Shaping Internet Traffic

When you are downloading/uploading full-bore using BitTorrent, often your connection is completely flooded.
Anything you try to do is dog slow, and conections are often lost in any internet games you play.

It turns out that there is a way to make your BitTorrent traffic have a lower priority than other traffic.
It’s called “traffic shaping”, and I’ve got it working on tnir thanks to
Wonder Shaper.

It’s just a shell script — it’s not even very long or fancy.
It makes use of the “tc” command, which is relatively new to Linux.
“tc” stands for “traffic control”.
Personally, I would have preferred “ts” for “traffic shaping”, but perhaps the tool predates the new (to me) terminology.

After installing it last night, I set BitTorrent to my highest usable level of upload speed (65 k/s), which usually kills any games or web browsing that is done.
Reports from Ronnie upstairs indicate that it’s as if there was no BitTorrent running at all.
Meanwhile, Azureus is reporting a full 65 k/s upload and often over 100 k/s download speeds.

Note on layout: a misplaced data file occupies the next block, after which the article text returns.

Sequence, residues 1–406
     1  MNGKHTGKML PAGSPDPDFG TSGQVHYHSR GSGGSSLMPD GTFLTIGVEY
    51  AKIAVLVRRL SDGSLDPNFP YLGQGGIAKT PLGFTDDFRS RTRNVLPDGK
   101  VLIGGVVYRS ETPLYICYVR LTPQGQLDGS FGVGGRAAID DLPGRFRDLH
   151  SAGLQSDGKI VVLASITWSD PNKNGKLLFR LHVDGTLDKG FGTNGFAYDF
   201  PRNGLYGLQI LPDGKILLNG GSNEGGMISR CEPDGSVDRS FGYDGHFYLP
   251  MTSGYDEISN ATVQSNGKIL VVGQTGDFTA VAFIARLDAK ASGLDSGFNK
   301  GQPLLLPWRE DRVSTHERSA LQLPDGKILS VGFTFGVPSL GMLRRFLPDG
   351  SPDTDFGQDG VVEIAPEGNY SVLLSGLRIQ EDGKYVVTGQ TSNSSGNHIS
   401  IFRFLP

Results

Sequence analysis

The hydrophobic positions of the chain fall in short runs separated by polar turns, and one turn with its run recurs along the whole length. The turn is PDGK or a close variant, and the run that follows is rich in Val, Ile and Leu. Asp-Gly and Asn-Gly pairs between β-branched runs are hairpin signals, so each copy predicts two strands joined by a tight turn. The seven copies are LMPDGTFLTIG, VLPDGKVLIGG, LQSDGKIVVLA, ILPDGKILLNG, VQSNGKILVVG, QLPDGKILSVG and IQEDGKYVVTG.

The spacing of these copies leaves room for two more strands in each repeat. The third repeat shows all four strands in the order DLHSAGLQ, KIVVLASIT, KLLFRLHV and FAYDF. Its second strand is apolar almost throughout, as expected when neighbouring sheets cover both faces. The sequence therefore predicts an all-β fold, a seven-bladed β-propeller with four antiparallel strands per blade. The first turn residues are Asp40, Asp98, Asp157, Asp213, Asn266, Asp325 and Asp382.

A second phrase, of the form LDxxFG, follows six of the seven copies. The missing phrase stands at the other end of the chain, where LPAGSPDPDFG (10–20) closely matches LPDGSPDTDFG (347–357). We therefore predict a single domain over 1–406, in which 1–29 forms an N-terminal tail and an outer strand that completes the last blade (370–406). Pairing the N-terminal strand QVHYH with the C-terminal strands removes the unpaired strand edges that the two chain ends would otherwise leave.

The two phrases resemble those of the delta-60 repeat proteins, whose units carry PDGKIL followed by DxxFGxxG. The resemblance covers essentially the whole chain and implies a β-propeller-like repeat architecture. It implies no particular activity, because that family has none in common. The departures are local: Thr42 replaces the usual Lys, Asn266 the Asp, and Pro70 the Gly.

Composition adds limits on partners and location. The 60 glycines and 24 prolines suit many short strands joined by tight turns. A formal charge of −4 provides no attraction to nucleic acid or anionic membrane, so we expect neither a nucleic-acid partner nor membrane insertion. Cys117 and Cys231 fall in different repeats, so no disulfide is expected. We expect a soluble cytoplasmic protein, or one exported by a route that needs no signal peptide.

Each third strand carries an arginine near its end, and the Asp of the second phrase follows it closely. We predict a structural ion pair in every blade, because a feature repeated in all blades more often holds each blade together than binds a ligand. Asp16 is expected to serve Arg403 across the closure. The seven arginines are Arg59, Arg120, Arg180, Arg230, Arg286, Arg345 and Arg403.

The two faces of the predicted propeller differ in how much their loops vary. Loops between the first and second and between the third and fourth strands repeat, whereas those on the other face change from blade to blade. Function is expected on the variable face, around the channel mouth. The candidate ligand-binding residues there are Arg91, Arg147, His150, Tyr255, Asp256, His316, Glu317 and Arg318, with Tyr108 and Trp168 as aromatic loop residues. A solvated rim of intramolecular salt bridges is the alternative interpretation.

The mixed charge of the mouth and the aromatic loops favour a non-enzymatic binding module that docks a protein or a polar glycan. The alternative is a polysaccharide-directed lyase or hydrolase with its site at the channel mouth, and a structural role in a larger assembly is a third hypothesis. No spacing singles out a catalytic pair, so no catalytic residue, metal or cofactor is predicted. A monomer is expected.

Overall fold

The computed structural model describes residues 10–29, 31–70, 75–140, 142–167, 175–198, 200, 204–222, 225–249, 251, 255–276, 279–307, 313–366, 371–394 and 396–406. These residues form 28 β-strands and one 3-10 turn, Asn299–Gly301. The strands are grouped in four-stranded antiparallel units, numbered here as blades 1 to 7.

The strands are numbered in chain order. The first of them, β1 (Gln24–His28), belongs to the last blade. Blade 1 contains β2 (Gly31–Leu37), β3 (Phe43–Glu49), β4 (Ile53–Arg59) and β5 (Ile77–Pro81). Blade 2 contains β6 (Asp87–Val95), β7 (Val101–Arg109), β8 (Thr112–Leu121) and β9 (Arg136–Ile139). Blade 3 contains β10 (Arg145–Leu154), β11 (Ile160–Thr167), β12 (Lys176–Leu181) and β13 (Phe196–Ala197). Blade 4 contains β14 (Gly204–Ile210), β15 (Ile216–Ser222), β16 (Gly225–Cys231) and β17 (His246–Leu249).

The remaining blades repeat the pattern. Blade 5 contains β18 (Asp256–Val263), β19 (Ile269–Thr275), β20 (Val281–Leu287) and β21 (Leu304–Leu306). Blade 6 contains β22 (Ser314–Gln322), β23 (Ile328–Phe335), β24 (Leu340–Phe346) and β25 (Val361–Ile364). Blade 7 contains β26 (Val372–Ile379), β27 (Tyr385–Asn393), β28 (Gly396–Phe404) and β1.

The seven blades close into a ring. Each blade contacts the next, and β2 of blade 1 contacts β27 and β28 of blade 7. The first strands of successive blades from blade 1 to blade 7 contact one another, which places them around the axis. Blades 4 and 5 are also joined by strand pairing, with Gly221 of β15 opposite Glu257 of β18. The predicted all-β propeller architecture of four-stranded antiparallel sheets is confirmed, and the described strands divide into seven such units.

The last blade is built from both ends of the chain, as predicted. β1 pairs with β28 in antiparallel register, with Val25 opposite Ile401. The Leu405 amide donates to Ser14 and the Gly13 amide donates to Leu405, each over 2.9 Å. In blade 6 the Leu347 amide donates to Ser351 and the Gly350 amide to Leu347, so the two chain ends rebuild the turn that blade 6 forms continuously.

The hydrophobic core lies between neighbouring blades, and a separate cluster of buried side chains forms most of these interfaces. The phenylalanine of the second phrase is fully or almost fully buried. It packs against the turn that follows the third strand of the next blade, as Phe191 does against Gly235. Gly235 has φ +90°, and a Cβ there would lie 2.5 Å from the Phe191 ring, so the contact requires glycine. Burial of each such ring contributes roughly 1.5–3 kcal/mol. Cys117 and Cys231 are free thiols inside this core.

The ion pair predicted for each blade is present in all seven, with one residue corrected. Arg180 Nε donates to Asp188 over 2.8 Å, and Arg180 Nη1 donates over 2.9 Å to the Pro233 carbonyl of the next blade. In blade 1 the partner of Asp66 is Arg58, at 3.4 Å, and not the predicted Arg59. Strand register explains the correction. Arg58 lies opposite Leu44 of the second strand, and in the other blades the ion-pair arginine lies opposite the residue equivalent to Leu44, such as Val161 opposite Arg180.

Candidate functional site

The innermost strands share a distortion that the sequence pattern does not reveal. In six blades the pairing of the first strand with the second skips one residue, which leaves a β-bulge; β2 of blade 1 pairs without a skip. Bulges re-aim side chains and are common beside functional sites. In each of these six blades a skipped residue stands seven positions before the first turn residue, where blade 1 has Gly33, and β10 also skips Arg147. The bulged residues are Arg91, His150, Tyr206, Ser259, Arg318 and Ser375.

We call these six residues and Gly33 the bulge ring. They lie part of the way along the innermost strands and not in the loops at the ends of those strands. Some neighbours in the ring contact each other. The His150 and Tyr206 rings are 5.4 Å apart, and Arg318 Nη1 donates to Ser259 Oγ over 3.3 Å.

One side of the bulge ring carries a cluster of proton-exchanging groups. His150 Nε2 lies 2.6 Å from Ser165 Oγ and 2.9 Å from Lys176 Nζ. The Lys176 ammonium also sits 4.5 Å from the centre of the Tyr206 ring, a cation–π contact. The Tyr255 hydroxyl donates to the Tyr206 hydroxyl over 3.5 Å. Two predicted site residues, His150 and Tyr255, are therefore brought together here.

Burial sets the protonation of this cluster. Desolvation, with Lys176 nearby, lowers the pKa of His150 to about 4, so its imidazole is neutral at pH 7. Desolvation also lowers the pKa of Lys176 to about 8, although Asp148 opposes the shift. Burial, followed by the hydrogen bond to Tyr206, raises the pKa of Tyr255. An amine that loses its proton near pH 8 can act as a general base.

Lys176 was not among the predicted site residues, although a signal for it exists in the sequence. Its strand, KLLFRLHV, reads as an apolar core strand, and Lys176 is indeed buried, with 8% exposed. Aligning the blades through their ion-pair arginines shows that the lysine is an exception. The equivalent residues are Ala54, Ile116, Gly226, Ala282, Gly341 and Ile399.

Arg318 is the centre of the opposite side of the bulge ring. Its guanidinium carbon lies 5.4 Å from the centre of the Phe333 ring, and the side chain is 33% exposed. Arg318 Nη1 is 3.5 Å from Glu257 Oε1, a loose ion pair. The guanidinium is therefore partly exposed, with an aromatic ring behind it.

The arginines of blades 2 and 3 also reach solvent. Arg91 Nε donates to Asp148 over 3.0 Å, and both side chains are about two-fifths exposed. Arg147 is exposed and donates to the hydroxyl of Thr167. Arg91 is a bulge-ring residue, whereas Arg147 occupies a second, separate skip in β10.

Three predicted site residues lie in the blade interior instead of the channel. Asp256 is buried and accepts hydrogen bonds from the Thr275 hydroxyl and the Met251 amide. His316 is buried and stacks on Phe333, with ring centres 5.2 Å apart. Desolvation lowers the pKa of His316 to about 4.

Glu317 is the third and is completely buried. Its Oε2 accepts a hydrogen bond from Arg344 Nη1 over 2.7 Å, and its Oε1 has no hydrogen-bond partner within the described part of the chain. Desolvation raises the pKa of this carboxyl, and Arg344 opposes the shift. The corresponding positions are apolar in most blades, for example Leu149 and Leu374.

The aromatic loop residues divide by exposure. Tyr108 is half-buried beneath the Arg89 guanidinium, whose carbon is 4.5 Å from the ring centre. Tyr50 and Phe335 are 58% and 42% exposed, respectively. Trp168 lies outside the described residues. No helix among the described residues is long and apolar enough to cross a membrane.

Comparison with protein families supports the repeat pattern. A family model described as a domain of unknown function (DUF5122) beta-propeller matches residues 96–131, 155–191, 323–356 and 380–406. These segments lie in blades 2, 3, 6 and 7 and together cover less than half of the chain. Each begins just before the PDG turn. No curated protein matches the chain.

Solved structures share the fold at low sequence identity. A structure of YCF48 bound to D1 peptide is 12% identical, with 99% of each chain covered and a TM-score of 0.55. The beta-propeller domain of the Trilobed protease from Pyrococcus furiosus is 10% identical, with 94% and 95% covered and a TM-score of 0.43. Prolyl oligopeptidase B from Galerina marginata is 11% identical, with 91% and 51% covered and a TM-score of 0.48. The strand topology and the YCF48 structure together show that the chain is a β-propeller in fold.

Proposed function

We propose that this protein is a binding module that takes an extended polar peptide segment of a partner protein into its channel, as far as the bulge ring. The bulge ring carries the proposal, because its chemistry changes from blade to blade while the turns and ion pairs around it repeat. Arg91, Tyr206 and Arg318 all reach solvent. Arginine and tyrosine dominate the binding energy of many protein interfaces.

Now, this is really a Linux-only script, so you can’t use it on your (eek) Windows firewall, or your Linksys or D-Link routers.
Well, maybe the LinkSys, since it apparently runs some version of Linux, but doing that is a definite exercise for the reader.
Otherwise, if you don’t have a Linux firewall, this won’t really help you very much.
But, at least you have another buzzphrase to look for in router advertising: “traffic shaping”.
Oh, you might also see the term “QoS” used in conjunction, which stands for “Quality of Service”, which shaping generally increases.

Other links:
an article
about traffic shaping;
Linux Advanced Routing & Traffic Control site;
traffic shaping

Published by


Mac developer

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